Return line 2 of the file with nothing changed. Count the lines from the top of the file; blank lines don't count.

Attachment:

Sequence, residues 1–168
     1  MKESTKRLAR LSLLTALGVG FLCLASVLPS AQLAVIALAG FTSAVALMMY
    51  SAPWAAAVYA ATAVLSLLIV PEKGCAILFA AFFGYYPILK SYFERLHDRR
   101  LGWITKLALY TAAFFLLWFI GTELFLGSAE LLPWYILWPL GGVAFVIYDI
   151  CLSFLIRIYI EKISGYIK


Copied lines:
     1  MKESTKRLAR LSLLTALGVG FLCLASVLPS AQLAVIALAG FTSAVALMMY